Internet fraudsters are desperately devising different techniques to confuse customers of banks who make use of electronic system in order to have access to their funds and swindle them. One major way is to intercept their online transactions to get information about the account holders.
Often times, they send junk mails to a large number of customers using logos similar to the original banks and wait for the customers to respond to such emails.
An unsuspecting customer may think the email is from his bank and if he discloses any information concerning his account, he may fall victim to the fraudsters.
Some of the junk emails usually come in this pattern: ‘Dear esteemed customer, you would have to confirm you are an active account holder with us by following the procedures from your X bank account. Thank you for choosing X Bank.’ The fraudsters go on to send some emails, which they could use to track the customers’ accounts.
It is necessary for an account holder to know that his bank’s employees or agents will never call or send an email to request for his passwords, card number, card expiry date or Personal Identification Number. Customers should always log on to the internet banking service through the bank’s website or registered mobile App. They are enjoined to always ignore any message that is not sent directly from his bank’s website. The correct website of the bank is usually written on the debit or credit cards with you.
An online report on the subject by www.technewsworld.com <http://www.technewsworld.com/> gives more tips on how to identify bogus banking emails.
Fraudsters, it says, work by embedding dummy Trojan software on your personal computer, or by getting you to visit fake websites to enter personal details, or by capturing personal details directly from your computer (now extended to cell phones). The emails are often hard to spot and can look like they come from common financial institutions and social networks.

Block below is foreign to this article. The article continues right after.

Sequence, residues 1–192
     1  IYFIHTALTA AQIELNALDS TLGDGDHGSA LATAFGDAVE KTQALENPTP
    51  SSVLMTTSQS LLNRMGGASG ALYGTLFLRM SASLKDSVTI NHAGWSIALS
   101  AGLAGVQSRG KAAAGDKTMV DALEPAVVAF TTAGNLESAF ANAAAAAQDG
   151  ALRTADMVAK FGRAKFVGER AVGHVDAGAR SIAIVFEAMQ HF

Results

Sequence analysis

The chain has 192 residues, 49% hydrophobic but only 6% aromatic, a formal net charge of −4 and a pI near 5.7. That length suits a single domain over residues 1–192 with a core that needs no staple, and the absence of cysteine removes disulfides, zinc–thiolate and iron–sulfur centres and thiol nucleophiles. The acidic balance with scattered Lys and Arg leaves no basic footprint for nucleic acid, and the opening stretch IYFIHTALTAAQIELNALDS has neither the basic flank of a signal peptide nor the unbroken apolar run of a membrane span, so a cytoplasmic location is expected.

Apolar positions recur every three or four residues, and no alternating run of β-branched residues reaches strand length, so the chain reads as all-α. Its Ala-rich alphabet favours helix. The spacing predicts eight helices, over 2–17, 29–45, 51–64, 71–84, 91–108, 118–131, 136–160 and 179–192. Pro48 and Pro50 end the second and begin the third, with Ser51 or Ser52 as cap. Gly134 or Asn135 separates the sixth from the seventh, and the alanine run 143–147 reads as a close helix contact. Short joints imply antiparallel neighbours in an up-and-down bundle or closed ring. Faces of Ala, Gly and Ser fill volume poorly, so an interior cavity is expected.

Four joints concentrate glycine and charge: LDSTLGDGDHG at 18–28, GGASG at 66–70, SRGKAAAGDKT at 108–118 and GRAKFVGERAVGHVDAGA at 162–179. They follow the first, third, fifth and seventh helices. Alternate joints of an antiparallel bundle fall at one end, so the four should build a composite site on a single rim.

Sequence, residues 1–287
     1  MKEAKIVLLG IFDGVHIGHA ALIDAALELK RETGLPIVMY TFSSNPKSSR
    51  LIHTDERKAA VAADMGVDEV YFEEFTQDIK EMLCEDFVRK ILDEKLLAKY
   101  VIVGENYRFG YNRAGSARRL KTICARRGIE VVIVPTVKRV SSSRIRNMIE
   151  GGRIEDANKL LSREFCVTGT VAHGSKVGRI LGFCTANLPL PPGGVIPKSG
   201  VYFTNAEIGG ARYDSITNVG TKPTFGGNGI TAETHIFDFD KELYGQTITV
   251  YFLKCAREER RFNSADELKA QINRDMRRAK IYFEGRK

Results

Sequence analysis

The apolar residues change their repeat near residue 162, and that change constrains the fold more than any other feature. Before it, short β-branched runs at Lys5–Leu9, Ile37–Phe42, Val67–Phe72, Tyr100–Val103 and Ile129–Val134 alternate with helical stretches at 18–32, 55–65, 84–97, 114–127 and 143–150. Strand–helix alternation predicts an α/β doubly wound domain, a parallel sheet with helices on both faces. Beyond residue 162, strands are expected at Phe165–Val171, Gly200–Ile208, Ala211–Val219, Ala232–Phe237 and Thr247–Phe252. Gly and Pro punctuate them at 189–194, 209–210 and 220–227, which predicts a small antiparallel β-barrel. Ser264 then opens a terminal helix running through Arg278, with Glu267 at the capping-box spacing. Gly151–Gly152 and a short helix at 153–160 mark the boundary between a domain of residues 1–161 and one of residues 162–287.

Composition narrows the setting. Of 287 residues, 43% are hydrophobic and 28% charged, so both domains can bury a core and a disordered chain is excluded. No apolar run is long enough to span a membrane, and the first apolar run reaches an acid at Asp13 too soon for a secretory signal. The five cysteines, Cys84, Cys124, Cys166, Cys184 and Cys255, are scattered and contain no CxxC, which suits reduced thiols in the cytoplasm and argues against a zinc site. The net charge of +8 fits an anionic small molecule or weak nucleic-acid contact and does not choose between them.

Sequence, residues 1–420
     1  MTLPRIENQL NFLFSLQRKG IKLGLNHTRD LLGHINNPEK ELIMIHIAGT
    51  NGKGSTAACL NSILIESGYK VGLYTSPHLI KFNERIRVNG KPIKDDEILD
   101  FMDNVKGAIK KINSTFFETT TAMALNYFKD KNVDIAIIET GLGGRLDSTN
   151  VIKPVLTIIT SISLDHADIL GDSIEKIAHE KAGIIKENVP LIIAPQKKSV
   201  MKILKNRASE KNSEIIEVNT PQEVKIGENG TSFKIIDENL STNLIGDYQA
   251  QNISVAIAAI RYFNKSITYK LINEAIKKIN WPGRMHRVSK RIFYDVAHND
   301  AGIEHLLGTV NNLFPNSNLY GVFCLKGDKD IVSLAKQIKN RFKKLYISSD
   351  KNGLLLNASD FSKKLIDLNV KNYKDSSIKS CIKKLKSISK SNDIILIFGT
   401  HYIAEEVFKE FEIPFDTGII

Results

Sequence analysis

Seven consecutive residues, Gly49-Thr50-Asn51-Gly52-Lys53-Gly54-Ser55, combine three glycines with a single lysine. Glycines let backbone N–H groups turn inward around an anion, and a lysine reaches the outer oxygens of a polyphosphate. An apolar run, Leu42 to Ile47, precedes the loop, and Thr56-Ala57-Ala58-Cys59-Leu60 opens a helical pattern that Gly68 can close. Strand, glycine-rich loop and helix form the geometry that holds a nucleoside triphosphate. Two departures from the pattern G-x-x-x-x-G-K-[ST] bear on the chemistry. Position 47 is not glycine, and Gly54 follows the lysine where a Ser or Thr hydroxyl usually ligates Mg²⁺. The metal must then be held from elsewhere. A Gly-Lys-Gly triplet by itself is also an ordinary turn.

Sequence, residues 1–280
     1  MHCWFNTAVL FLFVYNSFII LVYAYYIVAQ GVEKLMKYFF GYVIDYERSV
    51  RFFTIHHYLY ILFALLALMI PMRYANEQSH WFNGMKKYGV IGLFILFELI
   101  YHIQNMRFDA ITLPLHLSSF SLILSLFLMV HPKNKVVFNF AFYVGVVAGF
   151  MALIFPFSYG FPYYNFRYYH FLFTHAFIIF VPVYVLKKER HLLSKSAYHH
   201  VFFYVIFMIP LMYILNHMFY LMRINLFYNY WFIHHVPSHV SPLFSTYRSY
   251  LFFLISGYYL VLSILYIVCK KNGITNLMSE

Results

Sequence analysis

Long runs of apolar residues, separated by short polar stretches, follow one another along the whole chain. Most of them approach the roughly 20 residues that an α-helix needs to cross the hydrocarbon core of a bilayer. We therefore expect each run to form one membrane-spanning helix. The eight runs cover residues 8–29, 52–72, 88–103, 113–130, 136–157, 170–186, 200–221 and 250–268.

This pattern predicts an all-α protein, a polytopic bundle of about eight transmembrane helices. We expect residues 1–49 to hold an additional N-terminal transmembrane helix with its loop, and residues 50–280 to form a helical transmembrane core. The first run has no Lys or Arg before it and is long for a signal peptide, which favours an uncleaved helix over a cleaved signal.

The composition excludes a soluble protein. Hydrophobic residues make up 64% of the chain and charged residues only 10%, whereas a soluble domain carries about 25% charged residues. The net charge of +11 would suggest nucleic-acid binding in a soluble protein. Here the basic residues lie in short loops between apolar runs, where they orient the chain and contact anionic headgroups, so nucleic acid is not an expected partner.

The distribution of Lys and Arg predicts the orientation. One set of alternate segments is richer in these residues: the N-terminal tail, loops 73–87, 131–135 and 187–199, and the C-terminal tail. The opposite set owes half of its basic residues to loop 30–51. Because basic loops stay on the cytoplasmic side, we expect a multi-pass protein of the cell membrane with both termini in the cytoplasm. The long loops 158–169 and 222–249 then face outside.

Here are steps to take if you suspect one.
Notice the red flags
Red flags include requests for personal information such as banking details and password changes; prompts to click on links or download attachments; and requests from institutions you don’t already have a relationship with. Treat any red flag emails with caution and proceed to the next steps. Warning: Don’t click on a link within an email if you have any doubt as to the legitimacy of the message.
Be wary of alert-style text within emails that suggests your security has been compromised and that the embedded link you are being urged to click on will fix the problem. This is a pressure technique that instills a sense of urgency; just as you would in entering a common purchasing transaction, take time to evaluate. Look for language that implies something onerous will happen if you don’t click on the link within the email message –for example, that your account will be closed. Look for bad grammar, strange capitalisation or spelling mistakes. Legitimate companies usually put efforts into catching mistakes before releasing an email. Peculiar text can be used to circumvent spam software.
Look closely at links
Place your mouse over the common language link in the email again, without clicking on the link to see if the link’s web address is repeated within the status bar on the browser or email client. A legitimate link will echo the text in the message. For example, the link in a message from the XYZ Bank will read https://www.xyzbank.com/link, or similar, rather than http://somethingelsefakebank.com/link or similar, or a series of numbers, called an “IP address,” like http://18.104.22.168/link, or similar.
Check the header
Check the sender’s actual address in the message header against “from address.” The displayed ‘from name’ is easier to fake than the sending mail address.
The actual addresses should match, or the sending mail address should clearly originate from a legitimate institution sending a message.
Legitimate institutions will not send downloadable email attachments unless you have already entered into a dialogue with them about it. Never download attachments with “.exe” extension.
Take the high road
Browse to the sender’s website directly. Do this by manually entering the web address root in a web browser address bar. Then, use the website’s navigation to find the information referred to in the email message. If the email message was legitimate, the contents will be available at the website too.
When browsing, check the browser’s address bar for the correct institution’s address for example, XYZ Bank. Even if the web address has the bank’s name, it may not be the bank’s website. For example, XYZBankSecure.net is not the same as XYZ Bank.com.
Delete the bogus email message.